The salt lake and its marshes — the largest of its kind in Europe and a UNESCO world heritage site — could soon run completely dry, and locals are worried.
The lake, only an hour from Vienna, last dried up in the 1860s yet was naturally replenished by rainwater.
But back then it wasn’t drawing millions of tourists, nor was the area producing 120,000 tons of crops a year.
“Letting the lake and the region run dry is not an option,” provincial councillor Heinrich Dorner told AFP.
To avert what he sees as an economic disaster, Dorner is banking of a series of major projects, the biggest being a canal to bring fresh water from the Danube river in Hungary.
But the plans have run into opposition from environmentalists, who fear any interference could accelerate the demise of the lake, the westernmost outpost of the great Eurasian Steppe.
Hungary has tasked a company owned by one of its richest men, Lorinc Meszaros, with building the canal, though work has not yet started, according to a municipal official.
Meszaros, who is close to Prime Minister Viktor Orban, is already in charge of a vast real estate project on the Hungarian side of the lake, including the construction of a marina, sports complex and a hotel.
But activists are against both on environmental grounds and over fears of corruption. “The canal project is unacceptable… (and will) destroy the whole ecosystem” of the lake region, Katalin Rodics of Greenpeace Hungary told AFP.
While other lakes naturally fill up over thousands of years, shallow Lake Neusiedl — which Hungarians call Ferto — naturally dries up about once a century.
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As its salty bed is exposed to saline-loving bacteria, algae, plankton and mud decompose, dry out and are swept away by the wind.
If fresh water from the Danube ends up being flushed into the lake, this could dilute the saline levels and stop the natural process, said the WWF’s Bernhard Kohler.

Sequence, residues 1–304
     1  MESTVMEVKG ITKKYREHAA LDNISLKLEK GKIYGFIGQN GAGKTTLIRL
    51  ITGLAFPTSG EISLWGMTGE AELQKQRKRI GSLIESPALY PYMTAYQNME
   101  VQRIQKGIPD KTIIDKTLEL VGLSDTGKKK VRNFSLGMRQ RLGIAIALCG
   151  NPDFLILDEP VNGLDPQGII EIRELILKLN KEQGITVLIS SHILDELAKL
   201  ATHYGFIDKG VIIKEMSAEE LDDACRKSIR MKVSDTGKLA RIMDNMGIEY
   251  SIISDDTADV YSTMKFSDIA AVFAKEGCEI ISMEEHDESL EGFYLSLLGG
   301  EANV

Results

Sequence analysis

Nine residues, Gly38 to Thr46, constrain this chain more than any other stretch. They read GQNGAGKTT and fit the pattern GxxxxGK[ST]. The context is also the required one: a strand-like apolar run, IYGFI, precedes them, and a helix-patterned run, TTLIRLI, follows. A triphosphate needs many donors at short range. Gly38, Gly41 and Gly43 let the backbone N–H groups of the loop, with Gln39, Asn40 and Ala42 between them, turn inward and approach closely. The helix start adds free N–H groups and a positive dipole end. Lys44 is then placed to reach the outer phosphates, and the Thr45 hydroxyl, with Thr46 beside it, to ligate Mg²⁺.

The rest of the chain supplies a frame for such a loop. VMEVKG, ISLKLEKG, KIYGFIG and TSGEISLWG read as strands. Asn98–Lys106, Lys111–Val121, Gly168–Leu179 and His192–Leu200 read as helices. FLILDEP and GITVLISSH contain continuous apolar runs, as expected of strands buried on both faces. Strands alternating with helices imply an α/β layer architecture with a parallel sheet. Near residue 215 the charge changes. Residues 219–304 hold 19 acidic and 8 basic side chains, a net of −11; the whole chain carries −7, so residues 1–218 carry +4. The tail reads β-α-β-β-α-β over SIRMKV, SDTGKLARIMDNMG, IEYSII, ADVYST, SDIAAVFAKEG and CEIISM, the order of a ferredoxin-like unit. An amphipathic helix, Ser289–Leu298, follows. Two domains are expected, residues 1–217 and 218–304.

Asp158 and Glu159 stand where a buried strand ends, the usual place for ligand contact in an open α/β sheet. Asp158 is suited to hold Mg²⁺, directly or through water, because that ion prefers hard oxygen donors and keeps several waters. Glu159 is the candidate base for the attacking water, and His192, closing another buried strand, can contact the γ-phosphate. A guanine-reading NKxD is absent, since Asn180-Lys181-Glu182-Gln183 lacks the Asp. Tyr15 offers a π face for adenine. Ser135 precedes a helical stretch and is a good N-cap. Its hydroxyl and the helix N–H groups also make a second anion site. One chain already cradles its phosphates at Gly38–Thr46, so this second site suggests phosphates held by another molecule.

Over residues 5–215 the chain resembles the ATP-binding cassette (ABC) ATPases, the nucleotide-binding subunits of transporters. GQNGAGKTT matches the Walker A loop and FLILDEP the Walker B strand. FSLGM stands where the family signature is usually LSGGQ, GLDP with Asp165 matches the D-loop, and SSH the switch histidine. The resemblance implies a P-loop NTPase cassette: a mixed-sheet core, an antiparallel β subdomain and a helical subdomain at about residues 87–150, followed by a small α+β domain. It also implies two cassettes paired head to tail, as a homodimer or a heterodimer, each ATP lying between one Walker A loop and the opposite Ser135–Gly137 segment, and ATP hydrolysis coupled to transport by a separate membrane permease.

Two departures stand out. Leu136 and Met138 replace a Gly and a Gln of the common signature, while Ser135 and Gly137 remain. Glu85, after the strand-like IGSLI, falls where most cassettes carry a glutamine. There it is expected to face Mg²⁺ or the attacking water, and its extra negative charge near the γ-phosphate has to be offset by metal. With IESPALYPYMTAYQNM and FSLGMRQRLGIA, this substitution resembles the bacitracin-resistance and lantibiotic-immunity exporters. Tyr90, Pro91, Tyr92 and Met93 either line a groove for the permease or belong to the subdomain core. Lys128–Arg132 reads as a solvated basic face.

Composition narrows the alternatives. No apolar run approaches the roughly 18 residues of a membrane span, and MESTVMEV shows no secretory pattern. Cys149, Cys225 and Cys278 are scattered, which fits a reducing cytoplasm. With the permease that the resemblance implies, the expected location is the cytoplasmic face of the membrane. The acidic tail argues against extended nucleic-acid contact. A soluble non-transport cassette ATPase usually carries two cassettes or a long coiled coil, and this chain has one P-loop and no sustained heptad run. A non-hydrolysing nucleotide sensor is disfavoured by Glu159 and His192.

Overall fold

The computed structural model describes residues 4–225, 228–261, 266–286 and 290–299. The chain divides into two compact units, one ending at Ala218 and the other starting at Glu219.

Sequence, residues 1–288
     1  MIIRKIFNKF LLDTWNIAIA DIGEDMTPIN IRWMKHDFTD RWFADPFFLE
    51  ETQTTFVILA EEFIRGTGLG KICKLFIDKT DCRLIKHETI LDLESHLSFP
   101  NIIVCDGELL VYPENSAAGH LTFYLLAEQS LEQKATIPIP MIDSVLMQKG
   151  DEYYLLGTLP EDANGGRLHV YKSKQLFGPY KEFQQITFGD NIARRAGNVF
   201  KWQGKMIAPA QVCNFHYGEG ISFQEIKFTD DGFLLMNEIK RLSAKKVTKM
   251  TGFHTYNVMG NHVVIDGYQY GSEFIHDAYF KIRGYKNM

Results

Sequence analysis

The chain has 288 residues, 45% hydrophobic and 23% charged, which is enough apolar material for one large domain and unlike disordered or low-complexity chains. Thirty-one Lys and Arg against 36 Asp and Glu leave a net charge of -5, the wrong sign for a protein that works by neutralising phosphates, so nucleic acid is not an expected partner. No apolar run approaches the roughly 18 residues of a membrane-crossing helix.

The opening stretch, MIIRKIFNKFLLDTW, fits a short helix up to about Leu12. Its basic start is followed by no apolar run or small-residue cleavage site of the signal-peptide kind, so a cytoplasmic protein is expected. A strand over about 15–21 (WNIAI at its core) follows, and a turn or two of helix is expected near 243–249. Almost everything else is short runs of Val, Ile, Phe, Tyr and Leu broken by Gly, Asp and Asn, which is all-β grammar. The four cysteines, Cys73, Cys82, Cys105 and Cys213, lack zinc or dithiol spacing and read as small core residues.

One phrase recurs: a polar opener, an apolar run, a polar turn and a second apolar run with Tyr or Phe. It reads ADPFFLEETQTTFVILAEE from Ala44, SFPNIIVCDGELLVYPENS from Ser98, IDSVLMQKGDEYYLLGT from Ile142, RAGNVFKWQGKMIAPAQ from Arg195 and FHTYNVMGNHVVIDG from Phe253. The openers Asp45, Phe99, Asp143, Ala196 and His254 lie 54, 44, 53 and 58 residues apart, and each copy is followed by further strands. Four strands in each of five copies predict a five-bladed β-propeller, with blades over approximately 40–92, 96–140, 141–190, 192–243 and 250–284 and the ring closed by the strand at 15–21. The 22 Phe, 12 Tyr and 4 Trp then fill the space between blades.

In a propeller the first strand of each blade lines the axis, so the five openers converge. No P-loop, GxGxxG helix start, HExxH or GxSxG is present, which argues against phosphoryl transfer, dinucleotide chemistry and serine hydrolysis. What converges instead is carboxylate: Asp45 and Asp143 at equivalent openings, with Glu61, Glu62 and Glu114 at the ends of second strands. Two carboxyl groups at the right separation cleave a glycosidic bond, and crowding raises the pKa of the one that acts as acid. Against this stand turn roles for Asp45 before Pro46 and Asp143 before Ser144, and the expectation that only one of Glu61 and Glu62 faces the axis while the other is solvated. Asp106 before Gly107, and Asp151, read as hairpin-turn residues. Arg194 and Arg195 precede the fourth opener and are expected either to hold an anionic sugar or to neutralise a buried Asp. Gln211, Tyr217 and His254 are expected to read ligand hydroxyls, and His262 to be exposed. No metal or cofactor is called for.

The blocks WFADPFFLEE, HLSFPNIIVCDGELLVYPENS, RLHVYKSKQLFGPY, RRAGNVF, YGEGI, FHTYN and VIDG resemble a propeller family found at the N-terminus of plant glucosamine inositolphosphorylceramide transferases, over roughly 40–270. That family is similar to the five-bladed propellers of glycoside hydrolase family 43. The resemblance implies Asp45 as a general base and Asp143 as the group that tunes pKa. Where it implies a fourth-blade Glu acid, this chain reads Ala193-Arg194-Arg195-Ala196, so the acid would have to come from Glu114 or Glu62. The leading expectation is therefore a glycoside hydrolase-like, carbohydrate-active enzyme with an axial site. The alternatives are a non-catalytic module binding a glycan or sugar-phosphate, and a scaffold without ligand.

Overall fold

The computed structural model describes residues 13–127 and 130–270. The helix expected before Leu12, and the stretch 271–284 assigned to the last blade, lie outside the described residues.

“It’s a natural cycle,” Kohler said. “We’ll just have to learn to live with it again.”
But councillor Dorner insisted this is not an option.
As well as the canal, he hopes to dredge out one million cubic metres of mud to deepen the lake for boating.
Farmers will also have to switch from water-intensive crops such as potatoes, corn and soy, Dorner said, and instead plant spelt, millet or other crops more suitable for arid climates.
Or indeed to wine as world-renowned grapes already grow in the sandy banks of the salt marshes.
The last time Lake Neusiedl dried up in the 1860s, it left an almost apocalyptic landscape. Historians describe dusty clouds of salt inflaming people’s eyes, piling up on fields and spoiling crops.
Fish, too, died, and locals “lamented that they’ll starve if the dry spell of the lake continues”. But three years later, the water began its miraculous return.
But now with tributaries cut off and more people depend on the lake than ever before, there is doubt on how long a recovery would take.
Rain, the lake’s lifeline, also now increasingly falls in summer, when it evaporates faster, as overall temperatures have risen and heatwaves have increased because of climate change.
Provincial water management head Christian Sailer said it was vital to save the “very complex region”.
“The climate is changing, and that negatively affects the lake,” he told AFP.
Last month more than 100 canoeists and rowers staged a rally on the lake to sound the alarm, some holding posters reading, “Our lake must not die.”
And it’s not just the lake that’s vanishing. More than 100 salt marshes once dotted the region, but as groundwater levels have dropped dramatically, about 60 are now “irreversibly lost”, said Johannes Ehrenfeldner, head of the Lake Neusiedl-Seewinkel National Park.
Many of the 350 species bird watchers observe depend on these salty ecosystems, and if they dry up, “bird numbers will dwindle,” Ehrenfeldner said, his binocular trained at a black-and-white avocet scooping tiny crabs from the mud.
“We’re running towards our own demise with our eyes wide open,” he added.